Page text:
| GEMIBID 320MG TABLET 1 strip(s) (5 tablets each)|| ||$2.25|
|320 mg x 5's|| ||$2.96|
| Gemibid 320mg TAB / 5|| ||$2.96|
| Gemibid 320mg Tablet|| ||$0.45|
| GEMIBID tab 320 mg x 10's || ||$4.50|
| Gemibid 320 mg Tablet|| ||$0.59|
- "Gemifloxacin". https://pubchem.ncbi.nlm.nih.gov/compoun... (accessed July 18, 2018).
- "Gemifloxacin". http://www.drugbank.ca/drugs/DB01155 (accessed July 18, 2018).
- "Gemifloxacin: link to the compound information in wikipedia.". https://en.wikipedia.org/wiki/Gemifloxac... (accessed July 18, 2018).
- "Anti-bacterial agents". https://www.ncbi.nlm.nih.gov/mesh/680009... (accessed July 18, 2018).
- "Gemifloxacin". https://toxnet.nlm.nih.gov/cgi-bin/sis/s... (accessed July 18, 2018).
- "Gemifloxacin: nci thesaurus (ncit) provides reference terminology for many systems. it covers vocabulary for clinical care, translational and basic research, and public information and administrative activities.". https://ncit.nci.nih.gov/ncitbrowser/Con... (accessed July 18, 2018).
Factive - Frequently asked Questions
Can Factive be stopped immediately or do I have to stop the consumption gradually to ween off?
In some cases, it always advisable to stop the intake of some medicines gradually because of the rebound effect of the medicine.
It's wise to get in touch with your doctor as a professional advice is needed in this case regarding your health, medications and further recommendation to give you a stable health condition.
Who should not take Factive?
Some medical conditions may interact with Factive. Tell your health care provider if you have any medical conditions, especially if any of the following apply to you:
- if you are pregnant, planning to become pregnant, or are breast-feeding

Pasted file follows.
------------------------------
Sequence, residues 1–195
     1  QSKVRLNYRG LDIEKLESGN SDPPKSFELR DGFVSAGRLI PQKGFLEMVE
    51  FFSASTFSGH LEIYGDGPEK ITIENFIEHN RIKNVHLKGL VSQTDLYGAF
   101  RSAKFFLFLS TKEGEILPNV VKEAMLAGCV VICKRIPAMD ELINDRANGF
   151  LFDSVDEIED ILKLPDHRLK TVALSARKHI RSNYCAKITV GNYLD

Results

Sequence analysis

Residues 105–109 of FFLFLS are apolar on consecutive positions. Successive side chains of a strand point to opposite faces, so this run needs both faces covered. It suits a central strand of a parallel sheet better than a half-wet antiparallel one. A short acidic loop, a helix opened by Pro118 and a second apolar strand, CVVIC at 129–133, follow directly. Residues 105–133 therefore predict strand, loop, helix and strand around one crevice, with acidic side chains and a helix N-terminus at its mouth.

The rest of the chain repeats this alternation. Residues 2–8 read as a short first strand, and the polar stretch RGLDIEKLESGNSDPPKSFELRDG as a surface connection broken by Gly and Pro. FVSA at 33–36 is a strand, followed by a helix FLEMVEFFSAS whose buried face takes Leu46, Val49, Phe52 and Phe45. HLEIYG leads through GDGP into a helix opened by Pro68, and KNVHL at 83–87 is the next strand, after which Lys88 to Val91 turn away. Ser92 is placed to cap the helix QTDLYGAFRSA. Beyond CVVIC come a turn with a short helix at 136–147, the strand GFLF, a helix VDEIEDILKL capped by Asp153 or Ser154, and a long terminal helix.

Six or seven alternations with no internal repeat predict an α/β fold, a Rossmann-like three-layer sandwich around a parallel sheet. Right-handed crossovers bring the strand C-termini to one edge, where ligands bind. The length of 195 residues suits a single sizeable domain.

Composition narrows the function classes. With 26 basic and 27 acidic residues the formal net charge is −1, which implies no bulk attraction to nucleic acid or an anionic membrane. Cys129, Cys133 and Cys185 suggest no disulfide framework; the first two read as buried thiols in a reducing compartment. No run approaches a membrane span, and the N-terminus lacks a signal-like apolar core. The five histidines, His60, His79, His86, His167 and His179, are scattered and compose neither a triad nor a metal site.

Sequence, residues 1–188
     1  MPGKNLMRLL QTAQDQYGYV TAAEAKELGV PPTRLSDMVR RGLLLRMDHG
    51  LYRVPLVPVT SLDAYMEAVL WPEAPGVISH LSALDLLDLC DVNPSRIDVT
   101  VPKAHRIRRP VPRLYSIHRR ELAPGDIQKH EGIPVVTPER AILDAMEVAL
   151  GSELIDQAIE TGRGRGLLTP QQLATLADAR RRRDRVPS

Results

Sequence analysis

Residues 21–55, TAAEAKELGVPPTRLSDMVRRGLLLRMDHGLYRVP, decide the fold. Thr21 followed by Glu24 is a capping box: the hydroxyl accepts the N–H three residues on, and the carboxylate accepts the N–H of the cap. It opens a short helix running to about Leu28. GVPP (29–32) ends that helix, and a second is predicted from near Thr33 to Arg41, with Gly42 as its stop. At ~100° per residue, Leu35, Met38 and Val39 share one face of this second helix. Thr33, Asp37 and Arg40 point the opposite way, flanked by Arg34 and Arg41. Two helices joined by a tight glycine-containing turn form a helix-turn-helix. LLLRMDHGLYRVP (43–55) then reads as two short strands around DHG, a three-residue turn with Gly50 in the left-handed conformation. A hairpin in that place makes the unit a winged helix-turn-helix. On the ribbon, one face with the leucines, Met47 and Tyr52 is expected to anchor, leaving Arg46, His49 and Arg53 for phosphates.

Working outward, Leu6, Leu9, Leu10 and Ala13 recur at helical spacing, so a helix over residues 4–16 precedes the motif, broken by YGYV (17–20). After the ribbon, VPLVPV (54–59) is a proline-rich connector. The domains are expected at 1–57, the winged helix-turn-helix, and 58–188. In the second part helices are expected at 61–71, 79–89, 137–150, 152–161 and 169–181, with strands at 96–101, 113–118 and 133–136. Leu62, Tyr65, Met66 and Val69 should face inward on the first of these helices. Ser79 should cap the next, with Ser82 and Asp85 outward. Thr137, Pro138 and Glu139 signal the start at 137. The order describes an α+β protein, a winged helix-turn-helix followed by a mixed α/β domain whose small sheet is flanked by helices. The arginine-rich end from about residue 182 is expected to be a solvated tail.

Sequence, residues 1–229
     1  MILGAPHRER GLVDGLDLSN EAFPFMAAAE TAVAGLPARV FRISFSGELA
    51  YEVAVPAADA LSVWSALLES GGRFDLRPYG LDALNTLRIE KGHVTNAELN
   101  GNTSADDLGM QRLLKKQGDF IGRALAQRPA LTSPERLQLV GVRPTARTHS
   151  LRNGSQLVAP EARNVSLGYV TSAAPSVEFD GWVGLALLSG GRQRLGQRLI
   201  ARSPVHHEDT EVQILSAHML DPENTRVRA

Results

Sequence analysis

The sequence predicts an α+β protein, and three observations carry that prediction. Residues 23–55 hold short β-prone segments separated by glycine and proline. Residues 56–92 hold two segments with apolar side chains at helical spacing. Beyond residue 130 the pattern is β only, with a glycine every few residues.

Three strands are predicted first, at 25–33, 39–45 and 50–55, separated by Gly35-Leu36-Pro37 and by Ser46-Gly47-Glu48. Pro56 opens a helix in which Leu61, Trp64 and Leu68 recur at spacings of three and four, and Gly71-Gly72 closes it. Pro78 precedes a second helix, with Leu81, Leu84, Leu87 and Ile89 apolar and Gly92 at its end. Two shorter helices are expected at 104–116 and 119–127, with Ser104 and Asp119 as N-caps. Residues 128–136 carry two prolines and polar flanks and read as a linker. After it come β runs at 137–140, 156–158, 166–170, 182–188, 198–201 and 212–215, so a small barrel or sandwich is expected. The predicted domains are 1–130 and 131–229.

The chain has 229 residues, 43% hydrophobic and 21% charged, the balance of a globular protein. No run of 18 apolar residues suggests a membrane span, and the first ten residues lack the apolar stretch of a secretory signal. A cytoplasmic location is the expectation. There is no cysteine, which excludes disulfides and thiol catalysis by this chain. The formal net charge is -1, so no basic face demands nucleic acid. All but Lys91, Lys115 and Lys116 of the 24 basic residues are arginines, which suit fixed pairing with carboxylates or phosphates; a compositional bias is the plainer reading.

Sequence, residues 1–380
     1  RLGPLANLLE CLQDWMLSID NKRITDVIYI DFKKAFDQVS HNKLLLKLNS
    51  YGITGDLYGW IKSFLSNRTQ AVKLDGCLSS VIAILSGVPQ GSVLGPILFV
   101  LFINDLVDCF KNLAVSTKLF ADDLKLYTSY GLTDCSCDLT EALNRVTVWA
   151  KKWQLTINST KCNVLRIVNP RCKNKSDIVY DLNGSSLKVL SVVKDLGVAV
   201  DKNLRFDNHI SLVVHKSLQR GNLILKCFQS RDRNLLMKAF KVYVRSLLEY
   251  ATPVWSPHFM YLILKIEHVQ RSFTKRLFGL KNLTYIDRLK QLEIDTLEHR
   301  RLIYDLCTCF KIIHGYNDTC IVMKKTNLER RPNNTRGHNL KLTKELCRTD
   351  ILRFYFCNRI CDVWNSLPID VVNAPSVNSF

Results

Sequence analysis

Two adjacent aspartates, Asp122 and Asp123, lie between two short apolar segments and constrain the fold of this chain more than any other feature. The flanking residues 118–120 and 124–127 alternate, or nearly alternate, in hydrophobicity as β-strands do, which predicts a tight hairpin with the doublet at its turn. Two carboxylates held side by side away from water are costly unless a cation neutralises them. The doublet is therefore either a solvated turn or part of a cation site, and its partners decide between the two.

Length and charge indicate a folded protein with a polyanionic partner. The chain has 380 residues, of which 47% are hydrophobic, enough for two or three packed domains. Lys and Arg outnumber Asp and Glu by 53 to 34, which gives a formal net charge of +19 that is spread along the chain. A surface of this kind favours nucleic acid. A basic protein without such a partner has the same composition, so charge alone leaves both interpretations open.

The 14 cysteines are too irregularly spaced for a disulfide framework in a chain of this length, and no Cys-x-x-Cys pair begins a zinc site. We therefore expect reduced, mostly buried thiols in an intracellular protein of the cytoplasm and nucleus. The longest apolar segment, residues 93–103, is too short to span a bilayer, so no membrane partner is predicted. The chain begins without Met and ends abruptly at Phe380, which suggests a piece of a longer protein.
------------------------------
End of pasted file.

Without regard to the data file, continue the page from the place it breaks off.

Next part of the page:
- if you are taking any prescription or nonprescription medicine, herbal preparation, or dietary supplement
- if you have allergies to medicines, foods, or other substances
- if you have a history of diabetes, severe or persistent diarrhea, skin sensitivity to the sun, heart problems (eg, abnormal heart function tests, congestive heart failure, a heart attack, slow or irregular heartbeat), heart blood vessel problems, or low blood potassium or magnesium levels
- if you have a family history of irregular heartbeat (QT prolongation)
- if you have a stomach infection, brain or nervous system problems, increased pressure in the brain, Alzheimer disease, or brain blood vessel problems
- if you have a history of seizures or you are at risk of seizures
- if you have a history of joint or tendon problems; rheumatoid arthritis; liver problems; kidney problems or decreased kidney function; or a heart, kidney, or lung transplant
- if you take hormone replacement therapy (HRT) or if you participate in strenuous physical work or exercise
Some MEDICINES MAY INTERACT with Factive. Tell your health care provider if you are taking any other medicines, especially any of the following:
- Arsenic, astemizole, azole antifungals (eg, ketoconazole), cisapride, diuretics (eg, hydrochlorothiazide, furosemide), droperidol, haloperidol, ketolides (eg, telithromycin), macrolide antibiotics (eg, erythromycin), certain medicines for heart rhythm disturbances (eg, dofetilide, quinidine, procainamide, amiodarone, sotalol), phenothiazines (eg, thioridazine), pimozide, terfenadine, tricyclic antidepressants (eg, amitriptyline), ziprasidone, or any other medicine that may increase the risk of a certain type of irregular heartbeat (prolonged QT interval) because side effects, such as racing heartbeat, dizziness, fainting, or life-threatening irregular heartbeat leading to unconsciousness, may be increased by Factive. Check with your doctor or pharmacist if you are unsure if any of your medicines may increase the risk of this type of irregular heartbeat